Jim Gilmore, best-selling author and co-founder of Strategic Horizons LLP, discusses his experiences, books, and the importance of mastering the various modes of observation to innovate and improve decision making.
[6:50] Jim explains how he came to write Look. After studying Edward De Bono, he had an insight into thoughts, actions, and observations, which inspired him about six looking glasses to represent modes of observation.
[11:27] The six looking glasses are: Binoculars, for surveying and scanning, Bifocals, for comparing and contrasting views, Magnifying Glass for pinpointing the main point, Microscope, for scrutinizing the details, Rose-colored Glasses, for seeing potential, and Blindfold, for recalling all you have seen. Together they help people see more of what there is to be seen. Observation is separate from cognition.
[24:40] Watching people in groups and in detail can reveal unseen patterns of behavior that lead to innovation and disruption.
[26:00] When film was an expense, people framed their photos carefully. We lose our sense of framing by shooting carelessly. We take too many shots to curate. Study a scene carefully and limit yourself to framing one shot. Apply this deliberation to business decisions. Apply it to life.
[37:31] The more skilled you are at observing with the first five glasses, the better you will be at recalling blindfolded what you saw. If you don’t look well, you will recall poorly. The best glasses for a leader is to be skilled in using all of them. Particularly consider the bifocals. Pair opposites, and pair things as opposites. All innovation begins with observation.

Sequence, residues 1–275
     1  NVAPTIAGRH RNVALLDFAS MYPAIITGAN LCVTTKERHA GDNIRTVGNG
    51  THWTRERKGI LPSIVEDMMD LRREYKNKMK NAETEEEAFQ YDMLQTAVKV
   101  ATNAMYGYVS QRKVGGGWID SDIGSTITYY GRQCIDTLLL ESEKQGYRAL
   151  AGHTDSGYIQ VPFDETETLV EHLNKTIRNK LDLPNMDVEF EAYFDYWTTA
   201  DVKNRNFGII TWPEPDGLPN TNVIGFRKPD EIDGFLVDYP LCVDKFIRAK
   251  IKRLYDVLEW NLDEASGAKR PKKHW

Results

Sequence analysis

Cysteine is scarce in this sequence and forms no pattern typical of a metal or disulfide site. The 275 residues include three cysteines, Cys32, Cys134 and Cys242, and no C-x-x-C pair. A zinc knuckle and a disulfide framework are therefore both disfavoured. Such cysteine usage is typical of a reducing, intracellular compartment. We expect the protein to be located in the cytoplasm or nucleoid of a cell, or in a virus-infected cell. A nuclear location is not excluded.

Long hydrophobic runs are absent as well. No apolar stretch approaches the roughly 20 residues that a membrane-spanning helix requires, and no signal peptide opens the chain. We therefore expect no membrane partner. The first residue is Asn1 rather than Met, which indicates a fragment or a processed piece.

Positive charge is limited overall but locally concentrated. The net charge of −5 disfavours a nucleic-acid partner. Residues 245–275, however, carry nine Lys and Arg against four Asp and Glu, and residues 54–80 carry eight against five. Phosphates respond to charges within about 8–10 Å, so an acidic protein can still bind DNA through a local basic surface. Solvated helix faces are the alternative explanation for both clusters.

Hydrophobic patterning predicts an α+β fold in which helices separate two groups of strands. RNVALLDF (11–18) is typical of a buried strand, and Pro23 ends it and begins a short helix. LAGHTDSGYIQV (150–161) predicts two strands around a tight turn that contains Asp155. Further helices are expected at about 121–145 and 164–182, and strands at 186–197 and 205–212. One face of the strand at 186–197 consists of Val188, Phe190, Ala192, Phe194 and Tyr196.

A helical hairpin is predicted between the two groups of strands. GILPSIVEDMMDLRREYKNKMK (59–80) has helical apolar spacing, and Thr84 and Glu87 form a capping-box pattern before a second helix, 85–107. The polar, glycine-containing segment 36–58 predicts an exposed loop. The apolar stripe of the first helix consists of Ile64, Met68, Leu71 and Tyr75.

[45:44] Jim sat next to George Carlin on a cross-country flight in 2000. Jim learned how George Carlin worked and filed his observations. He said, everybody observes, but they don’t know where to put the data. George Carlin maintained 2,500 directories where he recorded his daily observations and he knew each category. Come up with a number of categories of things you want to be consciously observing.
How to contact Jim:
Check out the thinkAbout conference!
Separate observation from cognition.
Just look for the sake of looking.
Much of business is observing
All innovation begins with observation.
Jim Gilmore coauthored the highly influential book, The Experience Economy: Work Is Theatre & Every Business a Stage (Harvard Business School Press). Now published in nineteen languages — and in an updated paperback edition — the book spawned worldwide interest in experience design, experiential marketing, and customer experience management.
Jim’s other book, Authenticity: What Consumers Really Want (Harvard Business Review Press), prompted TIME Magazine in a March 2008 cover story to name its insight on the subject as one of “Ten ideas that are changing the world.”
Jim is co-founder of Strategic Horizons LLP, based in Aurora, Ohio. He is a Batten fellow and adjunct lecturer at the Darden Graduate School of Business at the University of Virginia, where he teaches a course on the Experience Economy. Gilmore is also a visiting lecturer in Apologetics at Westminster Seminary California, where he teaches a course on cultural hermeneutics. He also teaches a design course at the Weatherhead School of Management at Case Western Reserve University.
He is a graduate of the Wharton School of the University of Pennsylvania, an alumnus of Procter & Gamble, and, before co-founding Strategic Horizons LLP, was head of CSC Consulting’s Process Innovation practice.